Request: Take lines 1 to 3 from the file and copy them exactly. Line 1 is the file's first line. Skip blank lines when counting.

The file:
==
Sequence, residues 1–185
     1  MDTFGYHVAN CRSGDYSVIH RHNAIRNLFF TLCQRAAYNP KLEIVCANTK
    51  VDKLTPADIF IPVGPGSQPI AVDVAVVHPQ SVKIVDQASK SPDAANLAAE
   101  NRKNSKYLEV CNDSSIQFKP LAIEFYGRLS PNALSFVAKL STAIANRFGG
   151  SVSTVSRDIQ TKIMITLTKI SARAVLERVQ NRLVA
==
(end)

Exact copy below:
Sequence, residues 1–185
     1  MDTFGYHVAN CRSGDYSVIH RHNAIRNLFF TLCQRAAYNP KLEIVCANTK
    51  VDKLTPADIF IPVGPGSQPI AVDVAVVHPQ SVKIVDQASK SPDAANLAAE